It was in the fashion accessories sector, however, that China put in an especially impressive showing, with Zhejiang Golden Point Textile attracting particular attention. Outlining the company's positioning, Vice-president Toby Zahos said: "From our Shaoxing facility, we now provide finished textiles to a number of leading international brands. One of our most popular lines comes courtesy of Bi Changyu, a local artist who suffers from autism and who has been hailed as the Chinese Picasso."
While Chinese manufacturing remained prominent, there were also clear signs of the trend towards outsourcing production away from the mainland. Leading the way here was the Hong Kong / Guangdong-based Yester Group, with Manager Ngai Chi Leung saying: "In order to stay competitive we have moved production to Dhaka. This has provided us with a quality product at a price that still gives us a workable margin."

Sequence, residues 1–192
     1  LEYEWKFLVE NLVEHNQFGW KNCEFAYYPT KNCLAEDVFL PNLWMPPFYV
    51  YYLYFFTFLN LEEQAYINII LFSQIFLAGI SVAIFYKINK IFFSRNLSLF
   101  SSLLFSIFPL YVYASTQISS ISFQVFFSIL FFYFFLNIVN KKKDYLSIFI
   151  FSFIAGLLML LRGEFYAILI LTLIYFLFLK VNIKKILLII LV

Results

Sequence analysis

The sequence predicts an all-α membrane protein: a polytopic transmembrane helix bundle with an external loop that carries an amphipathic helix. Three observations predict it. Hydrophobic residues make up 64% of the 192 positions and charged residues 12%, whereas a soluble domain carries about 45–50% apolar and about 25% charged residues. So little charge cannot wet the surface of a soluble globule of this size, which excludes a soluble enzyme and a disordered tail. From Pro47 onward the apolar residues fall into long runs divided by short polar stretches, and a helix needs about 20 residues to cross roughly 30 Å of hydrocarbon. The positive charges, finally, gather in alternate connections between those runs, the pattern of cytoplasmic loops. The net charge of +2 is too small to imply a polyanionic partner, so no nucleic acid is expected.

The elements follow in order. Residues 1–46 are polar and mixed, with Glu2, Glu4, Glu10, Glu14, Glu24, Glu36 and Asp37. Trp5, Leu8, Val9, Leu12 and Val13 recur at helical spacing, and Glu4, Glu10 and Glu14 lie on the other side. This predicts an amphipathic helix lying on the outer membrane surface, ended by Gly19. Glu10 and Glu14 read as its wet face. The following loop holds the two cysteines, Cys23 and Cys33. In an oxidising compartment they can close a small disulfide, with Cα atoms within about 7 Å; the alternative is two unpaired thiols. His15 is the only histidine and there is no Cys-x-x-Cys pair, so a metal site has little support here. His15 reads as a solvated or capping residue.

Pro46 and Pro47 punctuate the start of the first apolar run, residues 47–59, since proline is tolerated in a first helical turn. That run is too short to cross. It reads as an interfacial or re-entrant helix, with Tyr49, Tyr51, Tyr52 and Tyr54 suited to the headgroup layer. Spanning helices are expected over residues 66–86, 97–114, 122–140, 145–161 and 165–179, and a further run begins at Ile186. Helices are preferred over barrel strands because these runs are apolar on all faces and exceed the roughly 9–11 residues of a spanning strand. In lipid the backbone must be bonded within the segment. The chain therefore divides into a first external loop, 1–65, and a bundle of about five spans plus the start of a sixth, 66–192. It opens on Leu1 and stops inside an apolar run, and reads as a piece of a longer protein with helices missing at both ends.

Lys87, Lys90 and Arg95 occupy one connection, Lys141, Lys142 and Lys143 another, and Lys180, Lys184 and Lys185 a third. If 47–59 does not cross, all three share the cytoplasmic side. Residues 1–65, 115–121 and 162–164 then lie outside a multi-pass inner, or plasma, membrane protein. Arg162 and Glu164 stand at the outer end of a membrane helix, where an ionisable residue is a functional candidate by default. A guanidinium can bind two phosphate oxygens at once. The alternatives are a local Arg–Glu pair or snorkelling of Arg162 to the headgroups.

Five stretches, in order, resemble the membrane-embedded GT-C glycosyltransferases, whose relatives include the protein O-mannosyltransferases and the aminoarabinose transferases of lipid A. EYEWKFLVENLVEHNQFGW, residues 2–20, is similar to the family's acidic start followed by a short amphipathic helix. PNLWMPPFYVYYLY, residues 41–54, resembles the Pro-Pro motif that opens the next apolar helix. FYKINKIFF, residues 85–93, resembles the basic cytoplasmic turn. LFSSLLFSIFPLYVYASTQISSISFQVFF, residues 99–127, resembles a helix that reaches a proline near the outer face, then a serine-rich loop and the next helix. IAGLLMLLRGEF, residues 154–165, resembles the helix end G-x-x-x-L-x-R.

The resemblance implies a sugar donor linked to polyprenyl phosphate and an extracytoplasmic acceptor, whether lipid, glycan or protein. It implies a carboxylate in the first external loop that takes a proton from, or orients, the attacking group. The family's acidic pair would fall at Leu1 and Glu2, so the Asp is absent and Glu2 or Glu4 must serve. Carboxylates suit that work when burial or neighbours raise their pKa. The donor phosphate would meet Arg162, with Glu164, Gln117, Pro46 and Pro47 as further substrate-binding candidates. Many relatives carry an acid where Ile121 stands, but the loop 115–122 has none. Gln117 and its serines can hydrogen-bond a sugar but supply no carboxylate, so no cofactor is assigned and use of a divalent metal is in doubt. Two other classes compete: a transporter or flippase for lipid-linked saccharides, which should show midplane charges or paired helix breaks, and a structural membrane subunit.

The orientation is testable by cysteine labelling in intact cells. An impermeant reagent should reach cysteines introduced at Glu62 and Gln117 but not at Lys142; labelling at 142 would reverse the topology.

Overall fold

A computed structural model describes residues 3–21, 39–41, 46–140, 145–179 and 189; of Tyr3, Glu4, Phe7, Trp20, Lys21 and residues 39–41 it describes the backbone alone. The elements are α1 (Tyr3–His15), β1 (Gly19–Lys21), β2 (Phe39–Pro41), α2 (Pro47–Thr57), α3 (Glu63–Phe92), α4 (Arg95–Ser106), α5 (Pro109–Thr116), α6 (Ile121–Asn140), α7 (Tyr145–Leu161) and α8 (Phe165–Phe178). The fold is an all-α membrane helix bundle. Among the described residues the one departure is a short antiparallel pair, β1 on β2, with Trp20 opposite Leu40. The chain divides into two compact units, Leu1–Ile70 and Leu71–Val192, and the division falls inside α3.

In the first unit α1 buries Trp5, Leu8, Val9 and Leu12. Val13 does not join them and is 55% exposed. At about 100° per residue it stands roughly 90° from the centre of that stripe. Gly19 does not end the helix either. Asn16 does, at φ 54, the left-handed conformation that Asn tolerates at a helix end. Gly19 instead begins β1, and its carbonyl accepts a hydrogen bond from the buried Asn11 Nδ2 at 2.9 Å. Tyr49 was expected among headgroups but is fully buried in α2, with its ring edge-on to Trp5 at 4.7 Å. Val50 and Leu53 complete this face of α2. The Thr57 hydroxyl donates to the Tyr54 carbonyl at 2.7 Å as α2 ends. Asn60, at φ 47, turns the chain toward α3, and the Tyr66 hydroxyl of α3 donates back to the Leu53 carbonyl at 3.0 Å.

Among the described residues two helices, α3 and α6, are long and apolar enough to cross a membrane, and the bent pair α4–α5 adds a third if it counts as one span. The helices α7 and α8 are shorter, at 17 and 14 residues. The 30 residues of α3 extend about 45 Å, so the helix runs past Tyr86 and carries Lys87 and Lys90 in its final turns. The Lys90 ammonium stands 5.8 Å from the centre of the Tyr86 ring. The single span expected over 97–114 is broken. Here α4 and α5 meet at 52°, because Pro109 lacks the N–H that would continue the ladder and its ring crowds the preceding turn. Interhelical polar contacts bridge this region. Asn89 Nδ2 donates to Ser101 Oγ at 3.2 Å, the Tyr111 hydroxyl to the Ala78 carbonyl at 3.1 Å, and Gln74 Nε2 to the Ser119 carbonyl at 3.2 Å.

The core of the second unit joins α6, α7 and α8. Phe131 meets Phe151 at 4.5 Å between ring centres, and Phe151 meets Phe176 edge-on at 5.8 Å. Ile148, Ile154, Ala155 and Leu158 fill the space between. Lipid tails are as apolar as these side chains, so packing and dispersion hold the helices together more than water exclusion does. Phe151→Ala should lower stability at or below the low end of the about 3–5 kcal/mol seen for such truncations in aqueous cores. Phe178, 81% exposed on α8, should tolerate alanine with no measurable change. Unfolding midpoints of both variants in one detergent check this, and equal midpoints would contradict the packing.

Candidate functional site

Overall the investment made into the textile industry by the Bangladeshi government has propelled the country to the global number two slot, a development that has transformed the fortunes of many local businesses, including Zaber & Zubair Fabrics. Outlining the company's raised stature, Director Sajedur Talukdur said: We are very proud of the world-class fashion fabrics we now produce. As part of the Noman Group, one of the largest vertical operations in South East Asia, we now output more than 110 million metres of textiles every year.
Apparel Sourcing Paris 2018 took place from 17-20 September in Le Bourget Exhibition Center.
David Wilkinson, Special Correspondent, Paris